Sunday, July 4, 2010


Monday, March 09, 2009

“Unthank was the surname given to those who would move onto crown land and claim it as their own, much like squatters,” explains Rachel Unthank mid-way through her band’s set tonight. In the manner of her ancestors Rachel and her sister Becky take traditional songs of their local area (northeast England), and make them their own. Not content with this, their set tonight also features dazzling covers of Robert Wyatt’s Sea Song (one Wyatt himself admits is superior to his own) and the rarely covered (because his songs are so damn complex) Nick Drake with Becky’s achingly stark take on River Man. As becomes apparent early on, this is not music for everyone. If the idea of a young woman in a plain smock dress singing Olde English songs about Ma Bonny Lad, clog-dancing and resurrecting in dead languages like Norn and Ancient English doesn’t sound like a hyperlink worth clicking on then stick with the Pushover Festival and Golden Plains sideshows because these girls (seemingly the youngest people in the room) are bringing something entirely different.

Opening with the vertigo-inducing dissonance of the spiralling lament I Wish, the room is rendered as silent as an empty moor before Rachel then Becky take a verse of Blue Bleezing Blind Drunk, another song whose power is in simplicity, repetition and foregrounding their startling familial harmonies. An insight this far back into the roots of popular song is a rare gift, particularly when given by some of the very few people able to sing these songs with the authority they would once have commanded, accentuated by the lightness of their personalities between songs.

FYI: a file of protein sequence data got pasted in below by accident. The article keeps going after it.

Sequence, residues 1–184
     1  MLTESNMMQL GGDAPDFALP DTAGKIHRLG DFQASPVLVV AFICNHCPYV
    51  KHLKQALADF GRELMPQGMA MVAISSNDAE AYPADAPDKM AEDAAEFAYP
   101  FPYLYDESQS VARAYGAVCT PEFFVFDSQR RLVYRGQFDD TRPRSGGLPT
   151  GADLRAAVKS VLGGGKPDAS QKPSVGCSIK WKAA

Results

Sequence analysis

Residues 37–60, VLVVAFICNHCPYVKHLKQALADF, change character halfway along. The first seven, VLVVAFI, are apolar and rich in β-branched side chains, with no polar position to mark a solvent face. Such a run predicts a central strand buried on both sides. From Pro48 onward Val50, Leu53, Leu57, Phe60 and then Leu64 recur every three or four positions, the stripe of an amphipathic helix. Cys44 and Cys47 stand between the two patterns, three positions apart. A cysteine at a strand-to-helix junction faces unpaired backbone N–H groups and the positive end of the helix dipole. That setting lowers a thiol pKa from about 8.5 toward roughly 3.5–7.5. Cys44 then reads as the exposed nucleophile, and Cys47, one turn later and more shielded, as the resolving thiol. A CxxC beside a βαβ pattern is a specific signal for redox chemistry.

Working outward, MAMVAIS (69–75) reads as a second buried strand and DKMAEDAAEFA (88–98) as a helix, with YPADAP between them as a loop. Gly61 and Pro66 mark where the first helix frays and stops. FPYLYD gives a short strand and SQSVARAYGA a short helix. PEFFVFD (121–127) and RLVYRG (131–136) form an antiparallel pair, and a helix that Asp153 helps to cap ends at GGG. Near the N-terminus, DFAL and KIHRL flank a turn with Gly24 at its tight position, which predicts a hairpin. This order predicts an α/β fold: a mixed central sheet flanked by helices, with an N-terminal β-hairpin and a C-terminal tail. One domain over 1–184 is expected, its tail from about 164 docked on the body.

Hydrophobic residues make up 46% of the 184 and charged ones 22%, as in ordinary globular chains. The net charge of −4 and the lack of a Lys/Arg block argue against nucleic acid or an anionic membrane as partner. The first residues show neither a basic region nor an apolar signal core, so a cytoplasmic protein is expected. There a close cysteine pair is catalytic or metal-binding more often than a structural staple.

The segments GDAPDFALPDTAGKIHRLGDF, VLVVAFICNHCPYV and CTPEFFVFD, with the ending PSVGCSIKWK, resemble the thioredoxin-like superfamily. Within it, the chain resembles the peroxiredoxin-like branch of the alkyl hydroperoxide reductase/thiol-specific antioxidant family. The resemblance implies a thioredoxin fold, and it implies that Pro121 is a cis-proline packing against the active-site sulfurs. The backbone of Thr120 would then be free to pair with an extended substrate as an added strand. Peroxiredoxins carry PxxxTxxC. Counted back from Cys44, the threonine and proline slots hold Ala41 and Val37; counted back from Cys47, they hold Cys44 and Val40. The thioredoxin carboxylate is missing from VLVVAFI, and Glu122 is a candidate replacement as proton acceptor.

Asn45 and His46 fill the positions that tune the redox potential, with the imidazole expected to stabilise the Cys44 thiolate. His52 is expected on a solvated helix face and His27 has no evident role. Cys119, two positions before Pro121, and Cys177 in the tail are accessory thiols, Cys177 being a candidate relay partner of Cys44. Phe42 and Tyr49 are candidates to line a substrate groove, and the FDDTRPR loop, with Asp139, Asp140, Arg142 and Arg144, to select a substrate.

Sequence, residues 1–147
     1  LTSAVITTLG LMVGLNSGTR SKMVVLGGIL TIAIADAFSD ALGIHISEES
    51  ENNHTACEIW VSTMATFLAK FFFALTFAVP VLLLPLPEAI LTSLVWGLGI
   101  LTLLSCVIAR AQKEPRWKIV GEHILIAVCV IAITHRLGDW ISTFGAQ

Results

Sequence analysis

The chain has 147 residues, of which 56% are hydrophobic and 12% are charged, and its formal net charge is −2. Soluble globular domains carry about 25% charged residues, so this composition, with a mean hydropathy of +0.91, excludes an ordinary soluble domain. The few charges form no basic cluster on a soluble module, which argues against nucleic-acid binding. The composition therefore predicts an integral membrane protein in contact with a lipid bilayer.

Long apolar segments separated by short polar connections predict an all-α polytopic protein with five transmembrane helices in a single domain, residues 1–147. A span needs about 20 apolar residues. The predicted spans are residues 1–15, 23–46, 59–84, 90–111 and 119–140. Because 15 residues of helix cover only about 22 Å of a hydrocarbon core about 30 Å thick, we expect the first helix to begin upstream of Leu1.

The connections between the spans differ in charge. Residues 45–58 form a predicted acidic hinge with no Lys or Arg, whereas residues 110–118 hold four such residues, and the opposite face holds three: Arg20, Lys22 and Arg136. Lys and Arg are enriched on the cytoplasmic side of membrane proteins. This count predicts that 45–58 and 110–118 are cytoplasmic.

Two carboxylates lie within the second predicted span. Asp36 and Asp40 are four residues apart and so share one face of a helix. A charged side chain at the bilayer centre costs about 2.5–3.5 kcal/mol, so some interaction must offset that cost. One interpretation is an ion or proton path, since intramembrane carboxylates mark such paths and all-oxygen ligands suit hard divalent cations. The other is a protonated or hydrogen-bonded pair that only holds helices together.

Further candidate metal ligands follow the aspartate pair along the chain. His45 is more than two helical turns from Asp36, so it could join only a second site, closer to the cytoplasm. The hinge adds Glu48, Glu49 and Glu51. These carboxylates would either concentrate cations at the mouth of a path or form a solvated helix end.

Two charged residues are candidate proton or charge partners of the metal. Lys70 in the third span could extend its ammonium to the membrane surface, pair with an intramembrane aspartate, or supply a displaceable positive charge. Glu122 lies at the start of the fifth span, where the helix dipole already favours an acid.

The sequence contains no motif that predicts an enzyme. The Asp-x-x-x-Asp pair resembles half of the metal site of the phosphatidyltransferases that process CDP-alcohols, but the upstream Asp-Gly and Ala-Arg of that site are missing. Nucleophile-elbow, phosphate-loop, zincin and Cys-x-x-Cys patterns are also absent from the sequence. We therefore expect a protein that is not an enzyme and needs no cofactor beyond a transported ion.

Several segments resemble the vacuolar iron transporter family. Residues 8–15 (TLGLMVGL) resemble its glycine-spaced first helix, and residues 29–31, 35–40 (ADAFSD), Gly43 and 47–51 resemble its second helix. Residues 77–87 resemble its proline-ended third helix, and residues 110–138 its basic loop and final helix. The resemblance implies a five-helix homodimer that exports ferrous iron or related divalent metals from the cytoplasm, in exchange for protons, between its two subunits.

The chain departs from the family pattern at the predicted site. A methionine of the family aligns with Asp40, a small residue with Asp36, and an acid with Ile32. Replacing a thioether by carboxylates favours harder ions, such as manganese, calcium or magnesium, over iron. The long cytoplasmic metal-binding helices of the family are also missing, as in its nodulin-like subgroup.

Taking most of the set from last year’s Mercury Music Prize nominated album The Bairns it’s the effortless authenticity and the joy that is evident every minute the girls are on stage (Beck and Rachel are joined by pianist Steph Conner and violinist and accordion player Niopha Keegan). Even when stellar four-part harmonies are delivered with a dour netballer’s sincerity, as on the gorgeous Blackbird and Whitehorn both written by recently departed pianist Belinda O’Hooley, the melodies are primal and spirited.

The synchronised rhythmic clog dancing of Blue’s Gaen Oot O’The Fashion (I’m not making these titles up) is at once hilarious and brilliant. It’s all such a peerless display of honesty and ancient melodies that to be invited to their hearth is an offer impossible to refuse. If only there were enough room to write about how amazing Laura Jean’s support set was. Brilliant.

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